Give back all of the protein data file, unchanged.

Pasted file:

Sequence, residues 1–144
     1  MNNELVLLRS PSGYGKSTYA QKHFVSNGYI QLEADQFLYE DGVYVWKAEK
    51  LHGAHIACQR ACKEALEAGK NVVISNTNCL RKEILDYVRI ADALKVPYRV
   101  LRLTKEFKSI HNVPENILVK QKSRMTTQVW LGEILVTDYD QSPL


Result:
Sequence, residues 1–144
     1  MNNELVLLRS PSGYGKSTYA QKHFVSNGYI QLEADQFLYE DGVYVWKAEK
    51  LHGAHIACQR ACKEALEAGK NVVISNTNCL RKEILDYVRI ADALKVPYRV
   101  LRLTKEFKSI HNVPENILVK QKSRMTTQVW LGEILVTDYD QSPL